It sounds gruesome, but my newfound understanding of the sacred text of my childhood and the calm “detachment” it produced in me was a direct result of recognizing my own finitude. While I don’t remind hyperventilating dancers that they’re going to die some day, I do remind them that no one will remember the second girl from the left missing a beat–including that girl herself. I soon became the rock of our dance group, offering reality checks with doses of encouragement:
Visualize the worst that can happen, and notice it’s insignificance and inevitability.
If you focus only on the result, you lose control of the process.
Getting worked up won’t improve your ability to perform.
A leader doesn’t have to be a cult of personality cracking the whip of achievement. A leader can be someone who shows that because determinations like success and failure are out of our hands, we are free to dedicate ourselves wholeheartedly to the process itself. I am eager to share this liberating blend of Eastern and Western thought with my fellow Residential College members at Rice University.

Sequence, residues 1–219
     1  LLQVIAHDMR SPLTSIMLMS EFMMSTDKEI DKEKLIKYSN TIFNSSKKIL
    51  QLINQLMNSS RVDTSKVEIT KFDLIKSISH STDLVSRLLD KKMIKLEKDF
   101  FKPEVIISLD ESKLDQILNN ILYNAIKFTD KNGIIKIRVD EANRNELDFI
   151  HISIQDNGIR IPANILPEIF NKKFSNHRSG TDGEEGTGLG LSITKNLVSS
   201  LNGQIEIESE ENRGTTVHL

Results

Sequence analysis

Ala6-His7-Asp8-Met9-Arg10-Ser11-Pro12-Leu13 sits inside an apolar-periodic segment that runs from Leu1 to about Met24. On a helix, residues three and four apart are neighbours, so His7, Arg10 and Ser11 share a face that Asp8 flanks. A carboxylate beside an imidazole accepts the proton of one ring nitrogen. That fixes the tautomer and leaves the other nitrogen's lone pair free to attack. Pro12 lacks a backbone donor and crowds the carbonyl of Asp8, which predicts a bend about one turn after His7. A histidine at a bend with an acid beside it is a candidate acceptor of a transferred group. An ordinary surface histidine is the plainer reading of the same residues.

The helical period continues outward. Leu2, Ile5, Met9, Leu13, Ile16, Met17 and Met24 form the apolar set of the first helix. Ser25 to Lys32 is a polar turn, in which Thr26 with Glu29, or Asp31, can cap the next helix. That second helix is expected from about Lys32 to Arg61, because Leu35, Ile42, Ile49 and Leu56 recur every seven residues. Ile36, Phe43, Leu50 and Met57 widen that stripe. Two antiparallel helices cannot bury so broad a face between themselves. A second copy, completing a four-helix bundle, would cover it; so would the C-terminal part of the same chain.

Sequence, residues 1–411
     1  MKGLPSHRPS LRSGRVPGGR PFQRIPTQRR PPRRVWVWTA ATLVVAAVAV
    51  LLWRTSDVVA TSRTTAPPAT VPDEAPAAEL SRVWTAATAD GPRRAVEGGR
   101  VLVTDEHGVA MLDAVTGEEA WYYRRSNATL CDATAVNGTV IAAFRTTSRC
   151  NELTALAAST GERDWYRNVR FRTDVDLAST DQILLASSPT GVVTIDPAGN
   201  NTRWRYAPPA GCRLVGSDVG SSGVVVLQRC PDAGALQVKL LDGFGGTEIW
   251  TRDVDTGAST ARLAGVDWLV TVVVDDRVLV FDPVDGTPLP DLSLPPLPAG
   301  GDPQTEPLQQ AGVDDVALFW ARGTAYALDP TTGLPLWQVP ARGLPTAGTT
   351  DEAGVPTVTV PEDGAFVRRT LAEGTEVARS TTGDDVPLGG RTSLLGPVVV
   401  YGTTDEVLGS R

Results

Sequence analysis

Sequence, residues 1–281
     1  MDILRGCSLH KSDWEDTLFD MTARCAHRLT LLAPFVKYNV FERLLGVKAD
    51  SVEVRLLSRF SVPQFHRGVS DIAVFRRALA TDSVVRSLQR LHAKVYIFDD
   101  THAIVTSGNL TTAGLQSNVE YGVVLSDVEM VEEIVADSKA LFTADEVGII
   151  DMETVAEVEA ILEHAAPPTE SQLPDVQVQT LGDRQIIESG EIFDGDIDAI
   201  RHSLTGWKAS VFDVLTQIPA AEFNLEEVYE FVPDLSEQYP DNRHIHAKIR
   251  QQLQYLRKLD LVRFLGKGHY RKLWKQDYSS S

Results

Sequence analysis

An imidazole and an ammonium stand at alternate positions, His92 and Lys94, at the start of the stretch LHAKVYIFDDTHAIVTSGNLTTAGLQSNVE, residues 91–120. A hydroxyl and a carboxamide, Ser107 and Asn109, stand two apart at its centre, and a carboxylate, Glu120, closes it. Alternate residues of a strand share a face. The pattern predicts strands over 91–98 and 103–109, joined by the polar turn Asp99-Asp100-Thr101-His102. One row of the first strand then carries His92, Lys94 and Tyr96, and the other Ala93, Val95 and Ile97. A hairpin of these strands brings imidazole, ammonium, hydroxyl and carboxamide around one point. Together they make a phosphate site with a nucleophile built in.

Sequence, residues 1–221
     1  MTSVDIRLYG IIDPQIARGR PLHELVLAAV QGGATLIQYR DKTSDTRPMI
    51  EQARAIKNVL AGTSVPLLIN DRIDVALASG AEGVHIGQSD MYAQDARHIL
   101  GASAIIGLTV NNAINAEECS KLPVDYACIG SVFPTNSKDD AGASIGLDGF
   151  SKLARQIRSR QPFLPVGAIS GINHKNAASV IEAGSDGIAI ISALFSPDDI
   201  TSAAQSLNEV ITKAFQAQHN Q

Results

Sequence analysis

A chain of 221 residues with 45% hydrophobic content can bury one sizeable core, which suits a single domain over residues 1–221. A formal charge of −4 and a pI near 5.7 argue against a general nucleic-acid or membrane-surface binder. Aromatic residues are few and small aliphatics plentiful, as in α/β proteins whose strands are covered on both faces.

This prompt is confusingly worded, but in the end is just a community essay, if far longer than most such are. They want to know how you will contribute to the vibrant community on their campus, and how well you will fit with their idea of a Rice student. The best way to show how you will contribute is to provide examples of how you have contributed to a community in the past.
The essay above does this well, showing the author’s values and ability to contribute to the success of a group, and their ability to support others in their quest for a common goal. Above all, it shows who the author is as a person, what they believe in, what they value, and how they think about the world.
For this essay, Rice wants to determine who you are, so they can determine how you will fit in with the current community. You can show this in any number of ways, but any essay should display your ability to contribute to a group or cause greater than yourself.
Rice lists their values as: Responsibility, Integrity, Community, and Excellence. Think about what these mean for a campus, and how you have demonstrated any or all of these values through what you’ve done. You don’t necessarily need to discuss these values explicitly, or attempt to cram them into an essay where they don’t fit. Instead, think about what values you best exemplify, and how they might be best portrayed in an essay.